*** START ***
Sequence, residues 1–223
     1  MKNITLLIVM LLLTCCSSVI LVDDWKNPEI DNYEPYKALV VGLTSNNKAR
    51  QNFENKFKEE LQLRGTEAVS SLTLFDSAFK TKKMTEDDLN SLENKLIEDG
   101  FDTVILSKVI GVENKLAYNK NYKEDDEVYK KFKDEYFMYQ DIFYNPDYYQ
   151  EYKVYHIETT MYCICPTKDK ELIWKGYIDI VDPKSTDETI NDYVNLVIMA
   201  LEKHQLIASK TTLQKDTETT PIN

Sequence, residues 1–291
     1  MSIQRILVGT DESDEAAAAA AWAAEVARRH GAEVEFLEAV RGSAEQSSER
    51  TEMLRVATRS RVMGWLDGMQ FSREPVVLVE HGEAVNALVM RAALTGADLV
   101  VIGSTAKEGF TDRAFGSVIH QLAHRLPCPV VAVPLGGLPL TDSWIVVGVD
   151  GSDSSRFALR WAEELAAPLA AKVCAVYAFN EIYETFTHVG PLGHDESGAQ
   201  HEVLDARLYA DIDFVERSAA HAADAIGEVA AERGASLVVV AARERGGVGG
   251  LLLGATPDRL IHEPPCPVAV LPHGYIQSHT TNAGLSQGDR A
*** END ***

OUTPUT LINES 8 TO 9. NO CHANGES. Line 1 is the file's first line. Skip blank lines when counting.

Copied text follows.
     1  MSIQRILVGT DESDEAAAAA AWAAEVARRH GAEVEFLEAV RGSAEQSSER
    51  TEMLRVATRS RVMGWLDGMQ FSREPVVLVE HGEAVNALVM RAALTGADLV